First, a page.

Yet another impression now by Harward Business Review HBR.(see report of survey below). All good, only one thing to add.
Ravana himself was a very learned scholar and a great leader in his own domain, much-loved and respected. His only fault was the abduction of Sita. Vibhushana described him as: “An adharmi, a killer, a liar, a lustful person who cast his eyes on the wives of other men.” This made him a despised king. His defeat came about through effective intelligence and use of collaborators. The only way Ram could have defeated Ravana was by mastering that ability which HBR calls EI (emotional Intelligence). This is contained in the Adithyahridayam ( a sloka, or mantra that invokes the sun god).. This was taught to Ram by the Sage Agasthya, before the former went across to battle with Ravana.
One of the key words in this recitation which I like is ‘sarva shathru vinashnam’. (let all enemies be destroyed). Definition of shathru in the context of sarva, means anything that is against you, in any dimension. This also includes negative and bad thoughts and thus promoting EI.
You cannot achieve everything by yourself, it needs everyone’s efforts to get to the goal. While Ram is personified as the ideal man (later actually disproved by the rejection of Sita), the battle could not have been won without the others, significantly the efforts of Sugriva and Hanuman. This knowledge of incorporating all, came from Ram’s willingness to learn.
Leaders have to train themselves to succeed.
I know of the Ramayana, through books written in English (Sir CR Rajagopalacharya’s) and versions narrated to me by my elders in Telegu. Later came BR Chopra’s Ramayana. The most interesting interpretation of Ramayana I got from the one written by Kamala Subramanyam . It personifies not glorifies Ravana.
Even bandits have leaders and EI!
When the Harvard Business Review (HBR) came out with a survey of 188 MNCs worldwide, in one of its recent editions, on personal capabilities that contribute in the making of a successful leader, I could not help but go back 12,000 years in time to the age of the Ramayana. You might find it rather queer; after all what connection could an article in HBR have with a mythological epic? Before I begin to put that in context, let me state what the aforementioned survey, conducted by Goldman, found.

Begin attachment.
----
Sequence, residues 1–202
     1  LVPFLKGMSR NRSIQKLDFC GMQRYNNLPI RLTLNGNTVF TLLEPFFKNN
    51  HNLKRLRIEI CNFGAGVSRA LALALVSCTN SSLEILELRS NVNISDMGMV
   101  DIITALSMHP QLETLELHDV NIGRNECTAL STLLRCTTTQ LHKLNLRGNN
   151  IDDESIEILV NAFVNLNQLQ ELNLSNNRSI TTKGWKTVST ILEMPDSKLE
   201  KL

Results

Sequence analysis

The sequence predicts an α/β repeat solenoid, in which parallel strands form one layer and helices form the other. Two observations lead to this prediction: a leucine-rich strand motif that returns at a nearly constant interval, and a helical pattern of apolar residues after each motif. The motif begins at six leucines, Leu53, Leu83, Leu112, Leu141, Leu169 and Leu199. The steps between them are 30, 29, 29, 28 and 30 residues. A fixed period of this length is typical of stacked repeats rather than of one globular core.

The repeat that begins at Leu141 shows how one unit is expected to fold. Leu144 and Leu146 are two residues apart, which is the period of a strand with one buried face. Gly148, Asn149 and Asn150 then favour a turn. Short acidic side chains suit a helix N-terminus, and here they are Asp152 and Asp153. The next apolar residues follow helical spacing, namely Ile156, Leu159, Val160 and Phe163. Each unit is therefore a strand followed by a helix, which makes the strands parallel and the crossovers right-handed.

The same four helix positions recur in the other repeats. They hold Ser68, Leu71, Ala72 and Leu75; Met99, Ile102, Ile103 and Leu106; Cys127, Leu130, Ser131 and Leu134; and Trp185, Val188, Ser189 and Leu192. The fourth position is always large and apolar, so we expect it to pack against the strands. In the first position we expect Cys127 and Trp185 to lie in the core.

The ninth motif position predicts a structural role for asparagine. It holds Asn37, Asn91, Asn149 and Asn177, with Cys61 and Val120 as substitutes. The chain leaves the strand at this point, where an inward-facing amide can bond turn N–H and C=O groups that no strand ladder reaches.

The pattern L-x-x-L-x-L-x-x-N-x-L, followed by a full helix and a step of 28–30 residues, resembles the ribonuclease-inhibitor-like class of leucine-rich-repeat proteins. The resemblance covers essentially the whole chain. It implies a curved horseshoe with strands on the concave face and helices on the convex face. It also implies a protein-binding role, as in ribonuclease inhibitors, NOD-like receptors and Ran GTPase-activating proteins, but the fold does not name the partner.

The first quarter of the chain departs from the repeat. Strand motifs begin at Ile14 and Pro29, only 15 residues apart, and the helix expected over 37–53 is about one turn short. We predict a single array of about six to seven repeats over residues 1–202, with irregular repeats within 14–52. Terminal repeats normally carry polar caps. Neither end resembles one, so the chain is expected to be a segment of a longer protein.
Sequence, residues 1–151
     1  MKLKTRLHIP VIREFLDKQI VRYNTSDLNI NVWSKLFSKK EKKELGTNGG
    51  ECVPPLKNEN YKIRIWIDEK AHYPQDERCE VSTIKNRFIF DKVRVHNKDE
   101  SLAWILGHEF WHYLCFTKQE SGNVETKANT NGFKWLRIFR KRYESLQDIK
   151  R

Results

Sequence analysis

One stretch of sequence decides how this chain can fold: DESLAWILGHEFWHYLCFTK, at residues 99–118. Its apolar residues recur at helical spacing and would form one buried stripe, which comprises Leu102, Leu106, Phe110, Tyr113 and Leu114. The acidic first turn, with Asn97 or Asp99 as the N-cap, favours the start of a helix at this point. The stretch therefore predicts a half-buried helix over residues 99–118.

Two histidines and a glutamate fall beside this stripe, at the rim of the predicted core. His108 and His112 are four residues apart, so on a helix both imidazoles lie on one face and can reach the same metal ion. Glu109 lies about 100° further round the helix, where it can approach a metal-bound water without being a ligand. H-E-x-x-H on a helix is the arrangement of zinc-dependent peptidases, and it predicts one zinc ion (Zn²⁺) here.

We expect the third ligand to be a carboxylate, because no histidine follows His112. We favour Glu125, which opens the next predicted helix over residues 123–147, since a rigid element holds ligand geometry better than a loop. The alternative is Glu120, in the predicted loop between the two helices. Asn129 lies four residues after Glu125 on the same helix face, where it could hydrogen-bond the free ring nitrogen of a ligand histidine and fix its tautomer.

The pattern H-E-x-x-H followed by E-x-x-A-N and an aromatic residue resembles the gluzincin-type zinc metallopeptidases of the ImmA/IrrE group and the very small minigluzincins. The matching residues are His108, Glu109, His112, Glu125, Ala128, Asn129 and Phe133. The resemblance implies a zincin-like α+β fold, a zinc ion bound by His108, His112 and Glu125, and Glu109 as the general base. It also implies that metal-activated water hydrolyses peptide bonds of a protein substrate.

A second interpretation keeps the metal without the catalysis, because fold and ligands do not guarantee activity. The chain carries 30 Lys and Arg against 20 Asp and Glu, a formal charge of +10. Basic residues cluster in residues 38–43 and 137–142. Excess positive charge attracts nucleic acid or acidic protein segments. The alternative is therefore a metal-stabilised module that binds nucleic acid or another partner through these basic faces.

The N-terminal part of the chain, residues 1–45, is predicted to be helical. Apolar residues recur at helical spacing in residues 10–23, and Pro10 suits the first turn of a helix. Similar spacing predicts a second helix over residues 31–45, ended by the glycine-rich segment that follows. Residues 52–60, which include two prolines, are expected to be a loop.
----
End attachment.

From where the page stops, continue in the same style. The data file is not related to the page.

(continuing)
It said that leaders by their very nature are of six types:
Coercive — meaning ones who compel team members to follow their decisions
Authoritative — the ‘come with me’ type
Affiliating—ones who work through close association
Democratic — those who believe in building consensus
Pace-setting — the ‘I will jump and you will follow’ type
Coaching — the ones who believe in mentoring
The survey found out that with regards to the faculties that go towards making a successful leader, there are three primary ones: Technical skills, cognitive and analytical skills, and emotional intelligence (EI). In their interactions with hundreds of leaders worldwide, the surveyors found EI to be twice as important as the other two attributes. In fact, the importance of EI, which is an embodiment of motivation, empathy, and social skills, increases as one goes up the management chain. It is in this importance of EI that I recognize a similarity with Ramayana. And how!
In the mythical Ramayana, the battle leading to the climax was being played out. Would the exiled Rama edge out the evil Ravana, rescue his wife Sita whom the latter had abducted, and return home to reclaim kingship, or would he face defeat at the hands of Ravana’s massive army?
Rama’s motley group of men and monkeys were no match for the evil Ravana’s forces and weaponry. Or so thought Vibhishan, Ravana’s brother who had defected to Rama’s side. Unable to contain his concerns, he questioned Rama: How will you defeat this huge army with your limited resources? The reply that Rama gave stands out as a great lesson in leadership, more on the role and importance of EI as one can ever come across.